Speaking Board as a second language.
What we have is a failure to communicate.
By Tim Nodar, CyberWire senior staff writer
Oct 10, 2023

A look at CISOs and their role in risk management.

Speaking Board as a second language.

Splunk has published a report looking at how Chief Information Security Officers (CISOs) are dealing with threats.

Organizations and their willingness to pay ransom.

Among other things, Splunk found that 96% of the CISOs surveyed said their organizations sustained a ransomware attack in the past year. 83% of these respondents said they paid the ransom: “The most significant number paid somewhere between $25,000 to $99,000 (44%), while more than half of respondents paid more than $100,000, a stunning 9% of respondents (or one in 11) paid $1 million or more.”

The researchers add, “Of those who paid, 18% paid the ransom directly, 37% paid through cyber insurance and 28% paid through a third party.”

CISOs and boards still sometimes talk past one another.

One of the challenges CISOs face in dealing with their boards remains linguistic, or at least rhetorical. We asked Splunk about the difficulties in communication, and Ryan Kovar, Distinguished Security Strategist and Leader of SURGe at Splunk offered some thoughts:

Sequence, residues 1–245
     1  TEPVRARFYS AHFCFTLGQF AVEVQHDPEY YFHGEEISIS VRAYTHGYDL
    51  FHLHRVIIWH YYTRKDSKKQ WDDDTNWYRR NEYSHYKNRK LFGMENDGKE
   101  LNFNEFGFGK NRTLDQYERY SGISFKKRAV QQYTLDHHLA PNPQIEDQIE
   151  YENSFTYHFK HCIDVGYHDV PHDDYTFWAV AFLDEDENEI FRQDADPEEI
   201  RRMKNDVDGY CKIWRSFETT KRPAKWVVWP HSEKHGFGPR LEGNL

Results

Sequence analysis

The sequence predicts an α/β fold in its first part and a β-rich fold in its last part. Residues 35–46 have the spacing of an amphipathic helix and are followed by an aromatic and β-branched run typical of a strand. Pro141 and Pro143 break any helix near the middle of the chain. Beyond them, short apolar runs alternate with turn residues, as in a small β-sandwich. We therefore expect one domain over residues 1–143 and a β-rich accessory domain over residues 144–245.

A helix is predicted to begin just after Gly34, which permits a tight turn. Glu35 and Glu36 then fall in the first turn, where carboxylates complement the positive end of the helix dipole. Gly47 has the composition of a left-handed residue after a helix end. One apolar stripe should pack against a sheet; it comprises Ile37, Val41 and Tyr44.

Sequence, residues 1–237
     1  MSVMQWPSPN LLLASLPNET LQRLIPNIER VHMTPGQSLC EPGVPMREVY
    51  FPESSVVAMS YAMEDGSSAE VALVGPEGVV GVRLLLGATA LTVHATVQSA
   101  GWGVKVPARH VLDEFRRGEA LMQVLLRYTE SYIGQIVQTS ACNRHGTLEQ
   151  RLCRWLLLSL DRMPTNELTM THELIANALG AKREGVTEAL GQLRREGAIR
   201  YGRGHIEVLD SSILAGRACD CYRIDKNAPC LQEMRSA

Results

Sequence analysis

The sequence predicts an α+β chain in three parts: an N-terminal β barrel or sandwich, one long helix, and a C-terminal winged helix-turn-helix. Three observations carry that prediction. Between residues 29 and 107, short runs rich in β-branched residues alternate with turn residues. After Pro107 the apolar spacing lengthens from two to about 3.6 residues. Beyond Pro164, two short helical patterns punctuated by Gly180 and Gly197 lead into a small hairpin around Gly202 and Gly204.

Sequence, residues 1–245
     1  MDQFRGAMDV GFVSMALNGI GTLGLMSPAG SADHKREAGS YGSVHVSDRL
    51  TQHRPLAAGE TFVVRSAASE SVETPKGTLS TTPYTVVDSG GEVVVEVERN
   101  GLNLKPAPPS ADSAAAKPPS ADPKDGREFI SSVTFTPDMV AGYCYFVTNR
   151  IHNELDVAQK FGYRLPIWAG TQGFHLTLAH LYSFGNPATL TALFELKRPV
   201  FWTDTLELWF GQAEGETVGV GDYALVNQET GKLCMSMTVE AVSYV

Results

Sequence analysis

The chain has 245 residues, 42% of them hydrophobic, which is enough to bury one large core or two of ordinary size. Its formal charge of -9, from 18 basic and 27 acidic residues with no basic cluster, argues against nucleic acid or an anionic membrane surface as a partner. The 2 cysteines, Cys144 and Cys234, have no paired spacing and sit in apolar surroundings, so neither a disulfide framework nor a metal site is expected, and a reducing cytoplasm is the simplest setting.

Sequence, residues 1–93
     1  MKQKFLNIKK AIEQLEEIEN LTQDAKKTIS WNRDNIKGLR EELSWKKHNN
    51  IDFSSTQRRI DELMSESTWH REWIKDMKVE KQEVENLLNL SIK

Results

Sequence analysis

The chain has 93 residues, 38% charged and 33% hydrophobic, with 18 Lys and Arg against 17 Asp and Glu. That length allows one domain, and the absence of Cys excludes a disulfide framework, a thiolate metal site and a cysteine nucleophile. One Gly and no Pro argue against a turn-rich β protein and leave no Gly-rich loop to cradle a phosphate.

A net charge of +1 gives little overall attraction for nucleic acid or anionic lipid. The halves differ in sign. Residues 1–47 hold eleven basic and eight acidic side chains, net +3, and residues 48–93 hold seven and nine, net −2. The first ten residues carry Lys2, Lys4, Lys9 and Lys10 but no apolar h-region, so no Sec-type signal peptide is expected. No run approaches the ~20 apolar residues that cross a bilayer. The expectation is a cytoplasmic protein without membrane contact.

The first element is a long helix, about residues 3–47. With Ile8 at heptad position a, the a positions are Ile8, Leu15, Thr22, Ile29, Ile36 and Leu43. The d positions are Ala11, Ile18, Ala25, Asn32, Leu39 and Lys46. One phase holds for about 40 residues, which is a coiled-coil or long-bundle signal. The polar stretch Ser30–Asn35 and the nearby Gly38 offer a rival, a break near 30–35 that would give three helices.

“CISOs live and breathe cybersecurity. They are technical in nature and their priority lies in the security of their company. The board, on the other hand, is primarily focused on shareholders and how the business is doing overall – which is backed by KPIs and numbers. There is an inherent difference in priorities, but with CISOs reporting to the boards at greater frequency, coupled with the rise in cyberattacks and recent policy regulations like the SEC rulings, the two groups must speak a similar language to maximize the effect of the relationship.

In order to communicate better with the board, CISOs need to be able to frame cybersecurity issues as it relates to the bigger business. For example, if your company is impacted by a data breach, or you’re the victim of a ransomware attack, that will have an impact on how the business operates and potentially cut into revenue and profits. CISOs should look at aligning their metrics of success to board outcomes rather than reporting on technobabble facts like EDR false positive reduction. Instead, describe how the cyber security team has reduced risk and increased resilience across the organization. Being data driven is already in a CISOs background, but being able to tell a story behind the numbers is critical.”